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How are traditional BI strategies evolving with the need for big data analysis?

Traditional BI strategies are evolving to adapt to the demand for quick access to data by incorporating technology beyond traditional on-premises systems. Some IT leaders like Jim Szatkowski, vice president of technical and data services at Schaumburg, Ill.-based Distribution Market Advantage Inc., are adopting cloud solutions to supplement their BI strategies in response to the desire for anytime, anywhere information. In Szatkowski's case, he is using a BI Software as a Service (BI SaaS) product from PivotLink Corp. that allows customers of the national food distribution system to access supply chain data in real time and custom filter thousands of lines of data in minutes.

James Richardson, BI research director at Gartner Inc., said current BI SaaS products have matured in terms of features, scalability and support, making them a viable option for the enterprise. In some cases, cloud-based BI tools are replacing on-premises BI, but businesses more commonly are using them to augment resident BI systems for urgent, tactical needs.

"Business users are often frustrated with long deployment cycles, high costs, complicated upgrade processes and the IT infrastructures demanded by traditional BI solutions," Richardson said. "SaaS and cloud-based BI offer a quicker, potentially lower-cost and easier-to-deploy alternative."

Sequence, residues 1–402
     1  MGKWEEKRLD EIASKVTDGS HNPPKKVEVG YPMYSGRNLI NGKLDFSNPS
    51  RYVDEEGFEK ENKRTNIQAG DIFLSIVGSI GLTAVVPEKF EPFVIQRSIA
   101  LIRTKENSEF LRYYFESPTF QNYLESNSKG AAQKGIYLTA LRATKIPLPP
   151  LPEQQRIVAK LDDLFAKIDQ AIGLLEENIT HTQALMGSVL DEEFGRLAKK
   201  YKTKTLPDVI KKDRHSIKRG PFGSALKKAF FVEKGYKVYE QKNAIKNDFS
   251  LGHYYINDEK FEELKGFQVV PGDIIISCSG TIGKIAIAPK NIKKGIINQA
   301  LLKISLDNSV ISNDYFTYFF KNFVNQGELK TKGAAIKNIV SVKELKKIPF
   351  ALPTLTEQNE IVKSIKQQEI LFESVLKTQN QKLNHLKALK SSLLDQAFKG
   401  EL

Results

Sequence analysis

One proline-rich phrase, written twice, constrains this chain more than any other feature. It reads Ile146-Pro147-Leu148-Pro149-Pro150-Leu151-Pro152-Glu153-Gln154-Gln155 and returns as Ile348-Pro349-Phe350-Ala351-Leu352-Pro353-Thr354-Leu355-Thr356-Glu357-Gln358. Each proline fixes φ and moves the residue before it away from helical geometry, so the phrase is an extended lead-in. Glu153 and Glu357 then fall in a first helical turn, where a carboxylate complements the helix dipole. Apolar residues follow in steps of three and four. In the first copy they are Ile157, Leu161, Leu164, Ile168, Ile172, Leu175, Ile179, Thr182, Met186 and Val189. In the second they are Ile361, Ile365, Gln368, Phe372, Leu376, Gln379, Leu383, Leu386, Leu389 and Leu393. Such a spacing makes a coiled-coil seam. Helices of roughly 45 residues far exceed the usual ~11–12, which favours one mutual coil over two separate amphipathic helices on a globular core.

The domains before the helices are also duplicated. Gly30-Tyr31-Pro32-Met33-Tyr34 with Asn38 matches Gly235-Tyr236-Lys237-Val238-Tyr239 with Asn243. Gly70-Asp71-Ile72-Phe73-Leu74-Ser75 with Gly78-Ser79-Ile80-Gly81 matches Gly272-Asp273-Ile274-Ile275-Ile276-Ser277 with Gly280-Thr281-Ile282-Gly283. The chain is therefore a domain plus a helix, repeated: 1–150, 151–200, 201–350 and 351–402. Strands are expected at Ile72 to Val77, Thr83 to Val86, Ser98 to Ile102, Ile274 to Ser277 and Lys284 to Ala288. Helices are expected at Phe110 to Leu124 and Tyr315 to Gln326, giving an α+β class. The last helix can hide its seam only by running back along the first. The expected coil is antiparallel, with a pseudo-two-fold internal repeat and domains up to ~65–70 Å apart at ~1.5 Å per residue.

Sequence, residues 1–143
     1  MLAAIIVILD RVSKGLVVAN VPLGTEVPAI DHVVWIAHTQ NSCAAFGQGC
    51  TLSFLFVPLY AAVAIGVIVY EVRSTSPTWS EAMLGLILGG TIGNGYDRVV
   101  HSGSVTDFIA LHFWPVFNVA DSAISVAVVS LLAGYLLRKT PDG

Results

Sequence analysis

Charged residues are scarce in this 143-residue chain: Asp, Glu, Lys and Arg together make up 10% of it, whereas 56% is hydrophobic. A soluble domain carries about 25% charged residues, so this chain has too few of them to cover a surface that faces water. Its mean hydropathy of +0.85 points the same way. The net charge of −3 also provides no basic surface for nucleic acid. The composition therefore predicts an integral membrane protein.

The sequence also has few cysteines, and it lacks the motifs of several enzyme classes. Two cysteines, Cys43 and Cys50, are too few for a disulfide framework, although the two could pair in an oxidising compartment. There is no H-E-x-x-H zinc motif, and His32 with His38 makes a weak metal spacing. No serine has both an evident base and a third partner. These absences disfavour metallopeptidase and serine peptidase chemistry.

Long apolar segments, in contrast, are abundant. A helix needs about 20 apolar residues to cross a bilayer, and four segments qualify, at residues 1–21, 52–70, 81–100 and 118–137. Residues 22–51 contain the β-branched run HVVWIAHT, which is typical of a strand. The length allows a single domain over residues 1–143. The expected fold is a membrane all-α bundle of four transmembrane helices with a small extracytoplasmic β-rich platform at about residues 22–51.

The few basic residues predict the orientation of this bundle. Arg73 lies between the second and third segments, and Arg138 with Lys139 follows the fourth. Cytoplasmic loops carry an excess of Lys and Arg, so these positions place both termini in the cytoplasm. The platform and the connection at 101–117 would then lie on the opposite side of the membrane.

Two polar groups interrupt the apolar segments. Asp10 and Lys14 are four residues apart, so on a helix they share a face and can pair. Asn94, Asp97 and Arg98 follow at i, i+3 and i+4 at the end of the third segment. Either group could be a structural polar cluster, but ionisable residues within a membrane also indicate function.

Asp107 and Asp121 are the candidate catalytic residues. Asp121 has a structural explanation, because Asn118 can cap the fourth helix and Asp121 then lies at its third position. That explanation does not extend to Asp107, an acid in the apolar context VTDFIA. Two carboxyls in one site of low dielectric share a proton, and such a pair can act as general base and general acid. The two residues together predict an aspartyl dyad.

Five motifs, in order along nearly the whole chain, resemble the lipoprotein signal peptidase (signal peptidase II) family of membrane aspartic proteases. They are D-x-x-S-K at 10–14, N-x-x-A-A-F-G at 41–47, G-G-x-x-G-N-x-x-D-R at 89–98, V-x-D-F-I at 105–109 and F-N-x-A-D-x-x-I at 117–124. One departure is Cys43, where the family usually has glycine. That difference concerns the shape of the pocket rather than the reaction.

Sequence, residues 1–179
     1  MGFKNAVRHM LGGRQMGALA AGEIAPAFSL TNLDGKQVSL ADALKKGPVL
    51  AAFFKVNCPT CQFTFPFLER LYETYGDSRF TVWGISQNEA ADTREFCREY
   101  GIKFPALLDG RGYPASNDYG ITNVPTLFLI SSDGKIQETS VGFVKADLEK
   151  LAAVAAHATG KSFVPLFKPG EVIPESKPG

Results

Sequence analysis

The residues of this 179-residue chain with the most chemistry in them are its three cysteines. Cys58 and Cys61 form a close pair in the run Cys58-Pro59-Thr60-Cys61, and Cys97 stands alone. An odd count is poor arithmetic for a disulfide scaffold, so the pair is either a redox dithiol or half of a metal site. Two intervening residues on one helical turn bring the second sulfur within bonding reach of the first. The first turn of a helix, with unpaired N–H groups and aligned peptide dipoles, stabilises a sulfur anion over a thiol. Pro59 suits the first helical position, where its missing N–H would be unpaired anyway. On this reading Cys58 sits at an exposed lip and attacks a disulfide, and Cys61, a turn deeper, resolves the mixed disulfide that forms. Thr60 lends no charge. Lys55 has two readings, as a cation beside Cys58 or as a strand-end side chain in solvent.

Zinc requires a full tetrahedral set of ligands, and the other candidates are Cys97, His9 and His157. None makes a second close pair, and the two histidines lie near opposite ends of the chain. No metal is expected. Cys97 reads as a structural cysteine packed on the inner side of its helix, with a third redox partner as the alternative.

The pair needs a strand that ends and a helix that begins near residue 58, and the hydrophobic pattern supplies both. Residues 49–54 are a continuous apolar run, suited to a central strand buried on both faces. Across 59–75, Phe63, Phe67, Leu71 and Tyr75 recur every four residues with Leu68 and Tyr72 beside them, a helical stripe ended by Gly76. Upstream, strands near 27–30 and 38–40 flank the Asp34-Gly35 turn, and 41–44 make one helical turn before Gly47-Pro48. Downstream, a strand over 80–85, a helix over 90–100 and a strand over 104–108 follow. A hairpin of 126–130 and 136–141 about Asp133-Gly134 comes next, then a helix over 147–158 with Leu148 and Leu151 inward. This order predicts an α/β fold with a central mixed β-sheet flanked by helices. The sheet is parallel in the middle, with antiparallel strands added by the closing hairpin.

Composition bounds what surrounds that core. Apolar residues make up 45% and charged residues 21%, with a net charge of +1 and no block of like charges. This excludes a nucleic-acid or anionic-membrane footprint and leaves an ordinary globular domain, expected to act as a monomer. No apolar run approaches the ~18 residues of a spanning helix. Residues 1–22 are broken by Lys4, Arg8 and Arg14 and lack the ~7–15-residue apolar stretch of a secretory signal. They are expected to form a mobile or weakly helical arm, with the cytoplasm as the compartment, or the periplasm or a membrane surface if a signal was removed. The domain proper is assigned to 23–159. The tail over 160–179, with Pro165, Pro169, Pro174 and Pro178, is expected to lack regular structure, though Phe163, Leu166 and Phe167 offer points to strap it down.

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What challenges does big data present to CIOs?

One of the greatest challenges of big data is not just the amount of information the term implies, but the incredible variety of that information. Data quality has always been something of an issue for the CIO creating or tweaking a BI strategy, but the size and scope of big data only exacerbates the problem.

If data quality is relative and getting data to a point where it is acceptable for use remains a BI imperative, what should be the CIO's plan of attack? Bill Hostmann, distinguished analyst at Gartner Inc., advises his clients to establish data quality metrics by surveying their enterprises' "thinkers and deciders" on data quality issues related to their BI programs. Gartner uses a simple survey tool that measures users' level of satisfaction with their BI data on four fronts (timeliness, relevancy, accuracy and consistency), as well as their ability to use the data to make business decisions. The results should be tracked quarterly because the definition of data quality, again, is always changing.

As BI shifts from an effort controlled by the IT department to an activity practiced by users at all levels of the enterprise, what defines the quality of data also is a moving target. For CIOs, the question should be this: What quality of data is good enough for the task at hand?